Congress cuts SNAP funding to America’s vulnerable
Special to The Dallas Examiner | 9/26/2013, 3:16 p.m.
Special to The Dallas Examiner
Austin – Texas households with children suffered extraordinarily high rates of food hardship during the recession, according to a new national report released Sept. 19. In five years of telephone surveys conducted through 2012, over 1 in 4 – 27.4 percent – of these households said they couldn’t consistently afford enough food.
Despite this high level of food hardship, Congress debated the H.R. 3102, Nutrition Reform and Work Opportunity Act, a bill that over a 10-year period will cut $39 billion from funding for the Supplemental Nutrition Assistance Program – a government program known as food stamps – which aids many families with children and is the backbone of our national response to hunger.
More than 4 million Texans received assistance from SNAP in an average month in 2012. The majority of those recipients were children, the elderly and disabled citizens.
“Programs like SNAP are the backbone of our nation’s response to food insecurity,” said Celia Cole, CEO of the Texas Food Bank Network. “Food banks and other private charities are already struggling to fill the gaps. Congress should not turn its back on struggling families in their time of need.”
The TFBN provides a unified voice among food banks in support of their common mission to end hunger in Texas.
“Given the struggles that continue to persist in Texas, it is outrageous that Congress [would] even [debate] cuts to nutrition programs like SNAP,” said Celia Cole, CEO of TFBN. “Our elected leaders should act to help, not hurt struggling families.”
The report, published by the Food Research and Action Center in coordination with Gallup-Healthways Polling, is consistent with USDA data released earlier this month. The earlier federal data showed that 18.4 percent of Texas households were food insecure during the years 2010 to 2012. New data also released Sept. 18 by the U.S. Census Bureau showed that the national poverty rate has remained at elevated rates since the recession began.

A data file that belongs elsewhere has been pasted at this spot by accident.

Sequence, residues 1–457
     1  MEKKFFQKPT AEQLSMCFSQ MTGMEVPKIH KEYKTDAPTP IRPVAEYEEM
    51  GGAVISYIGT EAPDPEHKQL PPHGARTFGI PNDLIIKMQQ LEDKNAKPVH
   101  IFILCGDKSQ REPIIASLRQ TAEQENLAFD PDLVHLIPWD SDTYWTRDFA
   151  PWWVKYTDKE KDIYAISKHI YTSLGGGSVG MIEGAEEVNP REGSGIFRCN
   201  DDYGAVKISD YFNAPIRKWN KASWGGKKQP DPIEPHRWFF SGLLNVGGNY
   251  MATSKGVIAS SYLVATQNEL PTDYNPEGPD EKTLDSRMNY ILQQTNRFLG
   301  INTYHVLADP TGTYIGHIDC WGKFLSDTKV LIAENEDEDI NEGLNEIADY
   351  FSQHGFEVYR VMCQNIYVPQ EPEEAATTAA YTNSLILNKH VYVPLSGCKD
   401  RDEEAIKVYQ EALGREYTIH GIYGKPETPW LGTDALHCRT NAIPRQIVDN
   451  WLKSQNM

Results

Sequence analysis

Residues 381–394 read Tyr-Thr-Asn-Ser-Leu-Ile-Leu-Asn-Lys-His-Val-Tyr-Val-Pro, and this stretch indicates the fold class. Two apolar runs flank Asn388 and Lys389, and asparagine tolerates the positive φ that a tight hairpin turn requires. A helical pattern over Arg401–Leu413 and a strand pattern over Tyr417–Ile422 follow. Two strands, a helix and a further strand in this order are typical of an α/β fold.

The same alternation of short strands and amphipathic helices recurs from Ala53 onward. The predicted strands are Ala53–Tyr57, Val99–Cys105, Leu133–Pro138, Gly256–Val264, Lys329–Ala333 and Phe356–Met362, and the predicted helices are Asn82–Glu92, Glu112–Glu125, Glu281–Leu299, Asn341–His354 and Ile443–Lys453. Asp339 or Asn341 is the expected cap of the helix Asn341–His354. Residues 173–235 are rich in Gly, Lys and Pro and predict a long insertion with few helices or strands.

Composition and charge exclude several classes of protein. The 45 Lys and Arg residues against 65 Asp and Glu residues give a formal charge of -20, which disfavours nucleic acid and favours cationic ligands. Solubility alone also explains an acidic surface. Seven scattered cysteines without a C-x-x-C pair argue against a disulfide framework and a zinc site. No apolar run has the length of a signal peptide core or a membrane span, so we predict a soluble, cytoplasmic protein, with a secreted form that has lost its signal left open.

“All these data tell the same story – hunger and poverty rates spiked at the beginning of the recession and have stayed high ever since,” Cole said. “Despite modest gains in the economy, people at the low end of the economic ladder are still struggling to afford basic needs like food. Cutting SNAP now would hurt these families and undermine our economic recovery.”
Cole also stated that despite a news program last month, examining the growth of the federally funded program, cutting back is not a logical solution.
“When I see someone parked illegally in a handicapped spot, I think badly of that person as an individual,” Cole illustrated. “But it doesn’t make me think that we should cut back on accommodations for people with disabilities, or think badly of all people with disabilities. Too often, when we see abuse in programs for the poor the opposite reaction occurs: we blast the program as a whole and assume that everyone on it is out to beat the system – and only because they are poor.”